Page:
Friday, December 15, 2017

The Tower

It happened ten years ago tomorrow-- the WNEP tower, atop Penobscot Knob in Hanover Township, collapsed in an ice storm.

Yes, I was on the air when it happened.

The roads were bad that morning.  My friend and coworker Ryan Leckey was doing live reports for Newswatch 16 Sunday Morning.  Just before 7 AM, we lost the signal from Ryan's truck.  We were still using two way radios to communicate with crews, and that system went down as well.  You see, the tower held more than the broadcast antenna.  It was also our microwave receive location, and our two way radio antenna had a spot on the tower.

Suddenly, the on-air signal disappeared.  No microwave signal getting back to the station from the truck, no two way radio.  The phones started going nuts.

Renie Workman was working the assignment desk that morning.  I joked "Maybe the tower fell down."


It turned out to be exactly what happened.

I don't remember this part, but our audio guy that day, Joe Frischman, swears that before the tower collapsed, I said something like "This is the kind of weather that brings down towers."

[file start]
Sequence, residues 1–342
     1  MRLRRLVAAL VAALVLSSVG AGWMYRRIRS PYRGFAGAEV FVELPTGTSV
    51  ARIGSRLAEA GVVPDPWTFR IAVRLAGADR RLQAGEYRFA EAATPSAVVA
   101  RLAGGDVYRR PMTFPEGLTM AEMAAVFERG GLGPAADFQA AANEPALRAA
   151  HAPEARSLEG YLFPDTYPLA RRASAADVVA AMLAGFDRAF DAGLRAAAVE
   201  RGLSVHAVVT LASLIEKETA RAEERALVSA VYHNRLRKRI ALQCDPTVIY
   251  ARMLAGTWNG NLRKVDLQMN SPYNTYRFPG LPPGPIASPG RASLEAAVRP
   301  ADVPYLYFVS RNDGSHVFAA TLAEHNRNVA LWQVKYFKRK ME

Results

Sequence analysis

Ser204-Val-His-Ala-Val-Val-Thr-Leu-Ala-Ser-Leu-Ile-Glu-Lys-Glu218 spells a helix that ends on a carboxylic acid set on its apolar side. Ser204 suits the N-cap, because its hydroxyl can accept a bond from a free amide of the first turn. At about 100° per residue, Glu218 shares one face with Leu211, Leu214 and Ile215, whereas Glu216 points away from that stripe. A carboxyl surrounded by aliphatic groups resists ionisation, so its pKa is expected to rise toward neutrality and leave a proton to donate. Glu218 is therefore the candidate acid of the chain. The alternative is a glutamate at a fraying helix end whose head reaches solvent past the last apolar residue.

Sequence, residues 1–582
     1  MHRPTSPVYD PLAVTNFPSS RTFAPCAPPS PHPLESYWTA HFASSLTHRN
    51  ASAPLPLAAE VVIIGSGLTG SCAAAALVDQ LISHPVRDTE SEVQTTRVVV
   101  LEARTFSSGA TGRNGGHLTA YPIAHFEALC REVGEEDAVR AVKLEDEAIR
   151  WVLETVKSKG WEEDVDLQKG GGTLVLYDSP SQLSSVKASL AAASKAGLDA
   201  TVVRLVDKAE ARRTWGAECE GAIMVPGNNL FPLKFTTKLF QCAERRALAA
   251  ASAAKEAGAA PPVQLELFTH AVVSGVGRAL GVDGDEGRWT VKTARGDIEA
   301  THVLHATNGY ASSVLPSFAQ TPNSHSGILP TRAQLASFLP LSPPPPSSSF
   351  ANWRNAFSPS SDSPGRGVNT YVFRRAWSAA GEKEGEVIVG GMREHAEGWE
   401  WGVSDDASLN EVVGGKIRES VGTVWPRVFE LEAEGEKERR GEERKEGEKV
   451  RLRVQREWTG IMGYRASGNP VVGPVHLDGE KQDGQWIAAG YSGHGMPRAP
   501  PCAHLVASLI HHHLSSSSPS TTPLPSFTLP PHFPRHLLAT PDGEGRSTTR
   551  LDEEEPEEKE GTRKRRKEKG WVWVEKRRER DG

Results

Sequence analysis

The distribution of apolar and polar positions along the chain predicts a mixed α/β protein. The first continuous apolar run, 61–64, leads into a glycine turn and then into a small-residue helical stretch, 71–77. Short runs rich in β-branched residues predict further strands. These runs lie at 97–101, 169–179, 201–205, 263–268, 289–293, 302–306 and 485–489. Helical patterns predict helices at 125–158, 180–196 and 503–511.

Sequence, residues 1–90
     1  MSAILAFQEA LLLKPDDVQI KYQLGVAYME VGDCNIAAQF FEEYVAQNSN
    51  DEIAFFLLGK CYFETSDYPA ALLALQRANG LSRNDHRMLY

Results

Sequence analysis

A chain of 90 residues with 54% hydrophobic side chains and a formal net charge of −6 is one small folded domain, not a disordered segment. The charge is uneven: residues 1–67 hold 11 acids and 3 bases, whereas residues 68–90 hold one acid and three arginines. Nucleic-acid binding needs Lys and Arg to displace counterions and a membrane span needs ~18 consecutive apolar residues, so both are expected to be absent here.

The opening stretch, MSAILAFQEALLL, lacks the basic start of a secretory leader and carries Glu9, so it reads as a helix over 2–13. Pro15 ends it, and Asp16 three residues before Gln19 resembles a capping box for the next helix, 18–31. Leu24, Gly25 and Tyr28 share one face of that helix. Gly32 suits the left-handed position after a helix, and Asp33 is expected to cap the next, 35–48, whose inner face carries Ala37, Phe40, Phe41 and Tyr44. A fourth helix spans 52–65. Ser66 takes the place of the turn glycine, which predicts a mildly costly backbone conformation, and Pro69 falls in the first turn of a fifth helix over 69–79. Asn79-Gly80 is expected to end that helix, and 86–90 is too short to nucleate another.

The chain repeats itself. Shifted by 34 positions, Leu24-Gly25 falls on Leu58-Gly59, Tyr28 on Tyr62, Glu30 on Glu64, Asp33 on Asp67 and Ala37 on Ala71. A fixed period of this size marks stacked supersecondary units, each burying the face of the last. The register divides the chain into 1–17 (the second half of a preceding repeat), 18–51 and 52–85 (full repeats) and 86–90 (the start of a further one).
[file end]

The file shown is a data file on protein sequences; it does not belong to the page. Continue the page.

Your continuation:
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Seriously, even though the tower was in a heap up on the mountain, we were still getting a signal out.  The larger cable companies had a direct feed of our programming.  They took it from a dedicated line, not a tower.  I had to go "on the air" and explain what happened.  It was new ground for everyone involved.

C. Lou Kirchen was our general manager at the time, one of the best I ever worked for.  She had an army of people in later that day to cover the story and to take calls from concerned viewers.

I had the job of producing the Monday morning newscast, one of the most unusual ever.  It's strange when your own company is the top story.

Our engineers worked overtime, getting a temporary antenna up and a back up transmitter fired up.  We didn't have the greatest signal for a while, but at least something was out there.  It was gratifying to learn how many viewers rigged up antennas and ways to receive the station.  Loyal fans.  Thank you, then and now.